I'm not into "bible codes" but I noticed that in the the 3rd and 5th perakim of Eicha every pasuk is no less than 4 words and no more than 7. This is if you count hyphenated words as 1 word (I'm using the Stone Artscroll tanach). I would assume this was a literary device to connote a sense of halting to the reader, but it's odd to me that it would only be employed in those perakim.

Has this pattern been noticed before, and if so, is there any meaning assigned to it?

  • 3
    I don't think this has anything to do with "Bible codes." It's a poetic convention.
    – Isaac Moses
    Jul 29, 2012 at 23:58
  • @IsaacMoses I thought that it might be but then it is hard to understand why only two, non-consecutive chapters would contain this convention. Jul 30, 2012 at 1:50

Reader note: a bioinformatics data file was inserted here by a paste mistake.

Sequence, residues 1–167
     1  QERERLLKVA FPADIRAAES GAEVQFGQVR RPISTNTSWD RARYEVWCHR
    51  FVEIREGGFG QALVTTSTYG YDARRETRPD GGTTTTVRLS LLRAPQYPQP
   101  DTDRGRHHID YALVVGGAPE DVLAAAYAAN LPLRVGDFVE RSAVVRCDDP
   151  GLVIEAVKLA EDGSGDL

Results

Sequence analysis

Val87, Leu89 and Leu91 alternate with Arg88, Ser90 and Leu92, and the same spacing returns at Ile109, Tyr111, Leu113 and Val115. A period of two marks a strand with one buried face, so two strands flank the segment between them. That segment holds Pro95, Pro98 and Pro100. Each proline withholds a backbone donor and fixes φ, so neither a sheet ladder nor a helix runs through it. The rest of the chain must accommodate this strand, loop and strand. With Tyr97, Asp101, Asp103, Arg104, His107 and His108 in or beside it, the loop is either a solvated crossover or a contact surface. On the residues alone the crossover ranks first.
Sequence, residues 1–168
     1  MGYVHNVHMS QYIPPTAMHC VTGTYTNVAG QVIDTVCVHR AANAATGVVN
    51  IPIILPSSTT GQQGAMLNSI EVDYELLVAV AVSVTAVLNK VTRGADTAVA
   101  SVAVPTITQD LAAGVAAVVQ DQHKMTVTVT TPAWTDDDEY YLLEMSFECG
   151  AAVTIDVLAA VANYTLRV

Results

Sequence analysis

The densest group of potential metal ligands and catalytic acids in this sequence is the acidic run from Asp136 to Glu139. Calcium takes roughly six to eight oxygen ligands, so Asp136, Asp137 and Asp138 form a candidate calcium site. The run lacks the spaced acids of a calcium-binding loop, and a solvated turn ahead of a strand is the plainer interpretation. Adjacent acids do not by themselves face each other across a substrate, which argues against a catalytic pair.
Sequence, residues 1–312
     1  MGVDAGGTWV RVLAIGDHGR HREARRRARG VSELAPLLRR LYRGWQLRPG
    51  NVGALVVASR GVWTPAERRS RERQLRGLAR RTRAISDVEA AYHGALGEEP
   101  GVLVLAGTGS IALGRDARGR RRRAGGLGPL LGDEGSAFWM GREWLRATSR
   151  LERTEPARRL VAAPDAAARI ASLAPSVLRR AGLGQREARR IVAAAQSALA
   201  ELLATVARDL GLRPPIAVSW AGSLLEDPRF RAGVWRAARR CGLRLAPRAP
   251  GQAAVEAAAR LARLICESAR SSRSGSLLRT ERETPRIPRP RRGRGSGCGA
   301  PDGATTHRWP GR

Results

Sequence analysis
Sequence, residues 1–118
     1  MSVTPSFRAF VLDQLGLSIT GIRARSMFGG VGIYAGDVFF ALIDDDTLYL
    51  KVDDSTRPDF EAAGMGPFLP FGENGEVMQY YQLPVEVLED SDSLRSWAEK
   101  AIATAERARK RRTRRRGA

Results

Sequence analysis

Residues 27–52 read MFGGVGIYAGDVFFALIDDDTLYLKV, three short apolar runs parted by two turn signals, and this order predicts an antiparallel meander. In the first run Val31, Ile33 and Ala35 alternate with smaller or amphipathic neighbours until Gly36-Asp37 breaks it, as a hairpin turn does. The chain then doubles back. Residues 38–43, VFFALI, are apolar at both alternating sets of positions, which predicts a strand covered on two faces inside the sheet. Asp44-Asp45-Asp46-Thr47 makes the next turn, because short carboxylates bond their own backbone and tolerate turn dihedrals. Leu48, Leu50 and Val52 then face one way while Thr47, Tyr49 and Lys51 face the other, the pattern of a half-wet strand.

• 1
    @vram Why is it so hard to suggest that each chapter is a different poem?
    – Double AA
    Jul 30, 2012 at 3:12
  • 1
    @DoubleAA The chapters are too well connected for that.
    – avi
    Jul 30, 2012 at 6:04
  • @avi As connected as many of the kinnot from tisha bav morning? The use of acrostics and destructive imagery doesn't prove essential connectedness.
    – Double AA
    Jul 30, 2012 at 6:14

1 Answer 1


R. Yitz Etshalom has a really good article about the structure of Eicha. Basically, you are noticing the common A B C B A pattern of much of Tanach literature. I believe this structure is also explained by Nechama Leibowitzes work on Tanach.

In this case, Chapter 4 set's the "fold" of those 3 chapters.

While the article of R. Etshalom does not discuss this issue explicitly, it can be derived from the rest of his work.

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